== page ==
The Hoosier Lottery's top official said she is "pleased" with a private manager's performance, even though the firm fell short of its income target during the first full fiscal year of its contract with the state.
That's because the amount of money that will go to the state—about $250 million—will be a record, and is about 12 percent more than in the 2013 fiscal year, when the lottery realized $224 million, Hoosier Lottery spokeswoman Courtney Arango said.
“We are pleased with the financial results achieved in the first full fiscal year of the Hoosier Lottery’s contract with Gtech Indiana,” Hoosier Lottery Executive Director Sarah Taylor said Monday in a prepared statement.
Gtech Indiana LLC owes the Hoosier Lottery about $1.6 million for falling short of its goal in the 2014 fiscal year, which ended June 30, according to records released Monday in response to a request from IBJ.
The shortfall payment represents less than 1 percent of the total income, $256 million, that Gtech promised to generate under a 15-year agreement with the state for management of the lottery. The 2014 fiscal year marked the first full year of that contract.
The shortfall payment was calculated by the end of July, as required under the agreement, and the information is scheduled to be presented to the State Lottery Commission of Indiana on Tuesday morning.
The news about Gtech’s performance comes a few days after Illinois Gov. Pat Quinn ordered his state's lottery to fire Northstar Lottery Group, a consortium of Gtech and its competitor, New York-based Scientific Games. Northstar fell short of its profit commitment by $242 million for the 2014 fiscal year and was about $480 million behind target over the first three years of its 10-year contract.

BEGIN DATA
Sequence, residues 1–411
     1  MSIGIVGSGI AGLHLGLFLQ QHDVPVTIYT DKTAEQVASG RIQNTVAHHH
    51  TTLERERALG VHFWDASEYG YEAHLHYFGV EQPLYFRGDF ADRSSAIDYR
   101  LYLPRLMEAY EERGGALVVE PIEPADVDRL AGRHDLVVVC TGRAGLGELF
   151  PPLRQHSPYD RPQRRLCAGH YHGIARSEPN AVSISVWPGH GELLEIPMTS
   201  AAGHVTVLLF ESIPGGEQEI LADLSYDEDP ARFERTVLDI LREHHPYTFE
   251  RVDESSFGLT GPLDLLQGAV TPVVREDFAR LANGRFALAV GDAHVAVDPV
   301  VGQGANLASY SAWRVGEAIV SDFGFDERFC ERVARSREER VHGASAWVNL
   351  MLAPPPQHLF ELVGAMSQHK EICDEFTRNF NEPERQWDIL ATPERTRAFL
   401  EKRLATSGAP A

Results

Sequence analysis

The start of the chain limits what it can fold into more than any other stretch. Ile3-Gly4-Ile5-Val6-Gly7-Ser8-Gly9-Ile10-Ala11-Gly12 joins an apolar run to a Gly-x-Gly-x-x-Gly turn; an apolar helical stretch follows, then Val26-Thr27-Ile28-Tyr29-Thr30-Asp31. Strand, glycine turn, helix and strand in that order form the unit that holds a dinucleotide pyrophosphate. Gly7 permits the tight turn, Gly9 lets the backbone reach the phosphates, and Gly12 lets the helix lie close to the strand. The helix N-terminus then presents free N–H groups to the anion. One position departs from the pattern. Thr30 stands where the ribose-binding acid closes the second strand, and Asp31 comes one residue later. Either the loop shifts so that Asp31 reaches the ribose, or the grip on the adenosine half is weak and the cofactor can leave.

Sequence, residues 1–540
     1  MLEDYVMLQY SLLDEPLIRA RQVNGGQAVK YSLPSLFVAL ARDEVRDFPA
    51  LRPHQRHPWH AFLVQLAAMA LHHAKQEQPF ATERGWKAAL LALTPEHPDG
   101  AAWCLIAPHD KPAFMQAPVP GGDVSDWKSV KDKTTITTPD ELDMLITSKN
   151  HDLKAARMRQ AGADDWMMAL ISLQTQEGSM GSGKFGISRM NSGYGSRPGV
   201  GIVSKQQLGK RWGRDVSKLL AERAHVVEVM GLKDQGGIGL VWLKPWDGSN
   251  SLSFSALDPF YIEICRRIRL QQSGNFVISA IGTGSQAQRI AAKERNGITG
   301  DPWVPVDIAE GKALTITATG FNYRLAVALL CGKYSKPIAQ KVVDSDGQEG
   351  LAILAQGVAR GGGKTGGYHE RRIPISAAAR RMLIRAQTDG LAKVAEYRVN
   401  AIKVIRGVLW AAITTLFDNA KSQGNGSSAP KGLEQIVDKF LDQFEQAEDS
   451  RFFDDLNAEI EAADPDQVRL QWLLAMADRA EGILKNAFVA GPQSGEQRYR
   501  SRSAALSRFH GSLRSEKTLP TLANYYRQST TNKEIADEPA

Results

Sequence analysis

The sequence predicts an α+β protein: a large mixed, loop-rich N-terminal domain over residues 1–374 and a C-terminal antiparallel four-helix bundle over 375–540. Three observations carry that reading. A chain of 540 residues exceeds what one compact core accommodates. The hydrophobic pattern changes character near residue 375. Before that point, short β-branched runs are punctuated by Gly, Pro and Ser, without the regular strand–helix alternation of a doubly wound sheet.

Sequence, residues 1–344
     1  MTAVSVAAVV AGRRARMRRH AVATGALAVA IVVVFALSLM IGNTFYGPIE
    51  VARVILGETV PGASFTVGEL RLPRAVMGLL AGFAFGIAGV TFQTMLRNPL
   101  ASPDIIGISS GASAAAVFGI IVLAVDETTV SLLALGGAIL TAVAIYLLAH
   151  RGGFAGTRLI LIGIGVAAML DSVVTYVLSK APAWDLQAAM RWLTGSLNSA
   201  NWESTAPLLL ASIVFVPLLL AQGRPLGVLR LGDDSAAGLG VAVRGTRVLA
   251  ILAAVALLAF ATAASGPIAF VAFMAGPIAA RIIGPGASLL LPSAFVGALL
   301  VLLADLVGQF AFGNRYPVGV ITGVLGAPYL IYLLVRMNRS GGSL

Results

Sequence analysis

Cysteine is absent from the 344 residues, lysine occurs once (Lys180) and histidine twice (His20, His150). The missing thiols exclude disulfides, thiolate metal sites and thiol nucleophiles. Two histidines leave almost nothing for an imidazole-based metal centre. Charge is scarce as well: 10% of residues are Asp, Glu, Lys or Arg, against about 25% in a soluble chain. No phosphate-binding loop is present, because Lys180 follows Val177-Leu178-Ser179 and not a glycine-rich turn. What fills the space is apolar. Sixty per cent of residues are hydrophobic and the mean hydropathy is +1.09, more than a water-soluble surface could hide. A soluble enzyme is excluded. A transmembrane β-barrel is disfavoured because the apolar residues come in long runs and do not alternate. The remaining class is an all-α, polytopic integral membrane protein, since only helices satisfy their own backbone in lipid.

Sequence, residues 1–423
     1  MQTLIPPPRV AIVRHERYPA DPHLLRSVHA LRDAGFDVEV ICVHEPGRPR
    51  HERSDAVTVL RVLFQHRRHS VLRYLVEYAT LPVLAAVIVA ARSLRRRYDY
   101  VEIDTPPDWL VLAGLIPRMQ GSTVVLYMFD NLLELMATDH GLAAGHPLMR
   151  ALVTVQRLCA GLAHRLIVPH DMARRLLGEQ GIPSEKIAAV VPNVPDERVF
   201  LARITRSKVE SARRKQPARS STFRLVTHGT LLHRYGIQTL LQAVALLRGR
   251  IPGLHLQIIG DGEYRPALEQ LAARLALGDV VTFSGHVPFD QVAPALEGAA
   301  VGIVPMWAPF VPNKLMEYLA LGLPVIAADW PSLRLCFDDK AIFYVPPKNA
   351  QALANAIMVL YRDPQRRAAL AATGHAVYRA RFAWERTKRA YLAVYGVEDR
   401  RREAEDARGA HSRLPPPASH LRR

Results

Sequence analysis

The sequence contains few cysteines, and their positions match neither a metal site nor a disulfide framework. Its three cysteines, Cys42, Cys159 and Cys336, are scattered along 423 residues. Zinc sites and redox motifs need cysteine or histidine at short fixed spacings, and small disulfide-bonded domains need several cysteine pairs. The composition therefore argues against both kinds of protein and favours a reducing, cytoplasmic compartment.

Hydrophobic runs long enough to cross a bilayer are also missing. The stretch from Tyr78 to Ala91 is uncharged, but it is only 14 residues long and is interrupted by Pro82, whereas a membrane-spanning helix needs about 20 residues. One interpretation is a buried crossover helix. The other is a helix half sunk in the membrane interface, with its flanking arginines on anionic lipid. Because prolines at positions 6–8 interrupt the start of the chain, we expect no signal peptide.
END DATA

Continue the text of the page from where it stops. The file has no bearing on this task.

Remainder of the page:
Illinois in 2010 became the first state to privatize its lottery, followed by Indiana and New Jersey.
Indiana officials don’t appear to be concerned about Illinois' experience.
While Gtech fell short of its goal, total sales exceeded $1 billion, the largest amount in the Hoosier Lottery's 25-year history. The previous high was $934 million in fiscal 2013.
After subtracting overhead, about $250 million will be transferred to the state. Indiana uses lottery revenue to offset vehicle excise taxes and make payments to police, fire and teacher pension funds, among other allocations.
Gtech’s shortfall payment of $1.6 million would have been greater, but the company voluntarily reduced its management fee and granted a $2.8 million credit to the lottery commission. The company also underspent its budget for direct lottery expenses, such as instant-ticket printing and advertising, by $2.3 million.
Under the agreement, Gtech could have pocketed its internal savings and charged the full management fee, but that would have resulted in a larger shortfall payment because the management fee is part of the annual net-income calculation, said Tim Kuehr, chief financial officer for the lottery commission. Lottery expenses also are part of that calculation.
Gtech, a subsidiary of Rhode Island-based Gtech Corp., part of the global lottery company Lottomatica, has promised to bring the state $1.76 billion over the first five years of the contract.
"Overall, we are very pleased to come so close to our net income benchmark in our first year of operation, which was influenced by several factors: once-in-a-generation freezes and travel restrictions due to the polar vortex and performance of national games, particularly Powerball," Gtech said in a written statement. "We look forward to FY ’15 and continuing to fulfill our commitment to the state of Indiana."